Both the driver and navigator have heavily padded buckets seats that are forward and aft adjustable. The helm station features full instrumentation, a compass, digital depth, 12V outlet, a CD stereo with six speakers and one 12 sub woofer in the front wall of the engine bay and enough grab handles and drink holders for everybody onboard. The main cockpit has clip-in carpets and a dual seat across the front wall of the engine bay. The engine bay lid uses an electrically operated hydraulic ramp to open and close and has a heavily padded top, which acts as a sun pad.

There are two narrow walkways down each side of the engine box that extend through the transom wall and make getting out to the swim platform easier than having to climb up and over the transom wall. Go for a snorkel, or maybe just a swim, either way when you come back onboard with the help of the folding swim ladder there’s a hot/cold transom shower to wash off the salt and sand. Baja have continued to push the envelope of design and performance and have made the most of the latest innovations in materials and technology to create the 242 Islander. But not only does her performance and handling stir that need for speed, but her specially design Baja Boss decals make this hull easily recognisable anywhere in the world.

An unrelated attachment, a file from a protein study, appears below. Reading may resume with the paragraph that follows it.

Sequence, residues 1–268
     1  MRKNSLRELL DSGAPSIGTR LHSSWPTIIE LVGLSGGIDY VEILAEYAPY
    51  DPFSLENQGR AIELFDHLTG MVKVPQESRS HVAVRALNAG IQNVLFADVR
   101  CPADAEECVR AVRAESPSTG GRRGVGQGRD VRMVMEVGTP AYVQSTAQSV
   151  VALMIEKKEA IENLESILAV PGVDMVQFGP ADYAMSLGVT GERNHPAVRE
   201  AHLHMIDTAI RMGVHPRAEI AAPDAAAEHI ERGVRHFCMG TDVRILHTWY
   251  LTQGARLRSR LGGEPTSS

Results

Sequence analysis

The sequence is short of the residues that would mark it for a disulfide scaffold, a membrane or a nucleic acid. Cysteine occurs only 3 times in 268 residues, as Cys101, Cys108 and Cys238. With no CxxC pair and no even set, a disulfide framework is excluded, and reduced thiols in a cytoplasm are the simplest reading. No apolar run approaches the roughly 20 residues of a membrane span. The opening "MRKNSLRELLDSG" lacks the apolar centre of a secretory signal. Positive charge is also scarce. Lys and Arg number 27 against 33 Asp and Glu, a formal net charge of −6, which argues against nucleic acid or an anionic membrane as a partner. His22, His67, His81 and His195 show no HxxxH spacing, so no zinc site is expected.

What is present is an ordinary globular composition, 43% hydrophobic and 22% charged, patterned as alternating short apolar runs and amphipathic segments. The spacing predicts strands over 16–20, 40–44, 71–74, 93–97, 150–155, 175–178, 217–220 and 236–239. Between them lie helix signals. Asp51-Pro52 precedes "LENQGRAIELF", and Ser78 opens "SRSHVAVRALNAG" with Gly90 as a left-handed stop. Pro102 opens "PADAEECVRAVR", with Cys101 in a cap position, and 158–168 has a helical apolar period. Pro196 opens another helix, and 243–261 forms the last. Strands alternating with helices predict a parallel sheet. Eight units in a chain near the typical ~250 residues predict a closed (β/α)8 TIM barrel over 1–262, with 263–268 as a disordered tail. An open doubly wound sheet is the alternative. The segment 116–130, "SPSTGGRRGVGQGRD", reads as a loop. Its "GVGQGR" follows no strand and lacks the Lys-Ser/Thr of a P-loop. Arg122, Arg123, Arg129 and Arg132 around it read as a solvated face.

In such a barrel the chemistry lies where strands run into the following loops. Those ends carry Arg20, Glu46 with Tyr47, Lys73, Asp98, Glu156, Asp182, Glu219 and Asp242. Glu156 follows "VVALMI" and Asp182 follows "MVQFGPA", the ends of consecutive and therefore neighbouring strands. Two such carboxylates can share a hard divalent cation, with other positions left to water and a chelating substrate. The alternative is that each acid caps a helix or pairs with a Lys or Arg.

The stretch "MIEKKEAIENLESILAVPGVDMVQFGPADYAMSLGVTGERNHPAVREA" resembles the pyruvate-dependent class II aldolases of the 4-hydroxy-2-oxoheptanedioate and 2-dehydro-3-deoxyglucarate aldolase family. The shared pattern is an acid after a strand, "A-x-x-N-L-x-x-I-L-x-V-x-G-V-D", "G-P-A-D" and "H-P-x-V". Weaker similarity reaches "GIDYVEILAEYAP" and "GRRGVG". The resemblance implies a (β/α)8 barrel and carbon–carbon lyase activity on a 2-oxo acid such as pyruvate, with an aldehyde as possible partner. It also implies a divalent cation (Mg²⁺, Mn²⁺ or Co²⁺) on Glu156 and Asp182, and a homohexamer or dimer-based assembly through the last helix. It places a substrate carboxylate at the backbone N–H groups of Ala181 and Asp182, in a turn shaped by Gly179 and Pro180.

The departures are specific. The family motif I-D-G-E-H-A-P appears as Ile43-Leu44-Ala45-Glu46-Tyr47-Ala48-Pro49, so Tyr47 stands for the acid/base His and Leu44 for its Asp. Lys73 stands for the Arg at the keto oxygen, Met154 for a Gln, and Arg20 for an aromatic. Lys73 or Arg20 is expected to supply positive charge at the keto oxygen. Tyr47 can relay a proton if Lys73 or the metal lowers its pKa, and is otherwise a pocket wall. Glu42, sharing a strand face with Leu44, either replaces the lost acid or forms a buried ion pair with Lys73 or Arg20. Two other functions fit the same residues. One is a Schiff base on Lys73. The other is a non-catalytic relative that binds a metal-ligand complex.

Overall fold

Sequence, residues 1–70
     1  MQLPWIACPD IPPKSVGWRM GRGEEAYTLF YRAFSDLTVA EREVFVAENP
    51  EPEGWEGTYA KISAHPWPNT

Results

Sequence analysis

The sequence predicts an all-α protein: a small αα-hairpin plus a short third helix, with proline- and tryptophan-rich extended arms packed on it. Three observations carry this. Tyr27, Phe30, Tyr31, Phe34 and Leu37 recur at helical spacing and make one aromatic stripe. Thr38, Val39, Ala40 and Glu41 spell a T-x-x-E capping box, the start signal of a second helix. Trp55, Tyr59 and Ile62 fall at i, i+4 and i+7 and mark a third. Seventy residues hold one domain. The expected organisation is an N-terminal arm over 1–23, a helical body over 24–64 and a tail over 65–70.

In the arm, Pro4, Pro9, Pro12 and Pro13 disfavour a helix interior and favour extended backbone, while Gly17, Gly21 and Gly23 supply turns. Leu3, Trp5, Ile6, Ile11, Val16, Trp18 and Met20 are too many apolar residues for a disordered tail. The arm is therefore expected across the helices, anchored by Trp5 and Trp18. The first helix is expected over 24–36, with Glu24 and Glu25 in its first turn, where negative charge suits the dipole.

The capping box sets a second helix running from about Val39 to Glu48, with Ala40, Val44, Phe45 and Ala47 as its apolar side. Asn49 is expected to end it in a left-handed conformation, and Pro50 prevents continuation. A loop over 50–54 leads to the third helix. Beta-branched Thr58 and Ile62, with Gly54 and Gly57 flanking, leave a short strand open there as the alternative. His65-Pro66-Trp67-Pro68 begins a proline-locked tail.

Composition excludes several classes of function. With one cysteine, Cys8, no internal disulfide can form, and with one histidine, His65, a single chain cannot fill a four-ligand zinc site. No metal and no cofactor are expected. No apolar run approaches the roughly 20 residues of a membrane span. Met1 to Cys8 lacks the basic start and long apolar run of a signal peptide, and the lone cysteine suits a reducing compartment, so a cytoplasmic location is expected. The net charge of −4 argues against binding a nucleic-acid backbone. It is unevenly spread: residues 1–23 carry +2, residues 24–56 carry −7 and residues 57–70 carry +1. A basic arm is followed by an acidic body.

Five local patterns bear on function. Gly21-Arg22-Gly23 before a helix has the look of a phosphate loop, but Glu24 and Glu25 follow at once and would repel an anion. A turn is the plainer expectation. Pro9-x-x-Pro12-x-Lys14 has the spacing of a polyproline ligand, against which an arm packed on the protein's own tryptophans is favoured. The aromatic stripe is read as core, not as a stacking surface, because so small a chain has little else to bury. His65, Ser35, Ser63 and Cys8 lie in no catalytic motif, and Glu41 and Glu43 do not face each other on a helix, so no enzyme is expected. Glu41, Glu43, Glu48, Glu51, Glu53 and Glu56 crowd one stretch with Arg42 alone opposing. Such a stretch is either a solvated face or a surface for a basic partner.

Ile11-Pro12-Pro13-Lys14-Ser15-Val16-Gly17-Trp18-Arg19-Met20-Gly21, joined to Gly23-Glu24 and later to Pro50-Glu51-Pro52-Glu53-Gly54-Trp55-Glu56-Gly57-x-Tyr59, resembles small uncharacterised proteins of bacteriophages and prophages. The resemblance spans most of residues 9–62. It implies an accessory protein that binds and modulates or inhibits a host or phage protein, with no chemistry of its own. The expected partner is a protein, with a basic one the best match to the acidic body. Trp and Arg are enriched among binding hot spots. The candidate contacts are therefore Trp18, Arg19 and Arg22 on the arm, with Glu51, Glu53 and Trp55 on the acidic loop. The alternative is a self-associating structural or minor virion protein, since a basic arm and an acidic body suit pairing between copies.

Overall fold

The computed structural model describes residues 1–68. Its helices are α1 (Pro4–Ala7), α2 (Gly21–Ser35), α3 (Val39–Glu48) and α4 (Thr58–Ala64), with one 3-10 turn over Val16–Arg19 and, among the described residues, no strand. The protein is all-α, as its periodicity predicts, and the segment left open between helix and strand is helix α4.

Yes, she is a high performance vessel capable of speed up to 70mph, but don’t be fooled into thinking she’s simply a rev heads boat she’s also a stylish allround family day boat. 

As tested with the MerCruiser 496 Magnum 425hp engine, Boss II graphics package, Corsa exhaust system, carpets and transom shower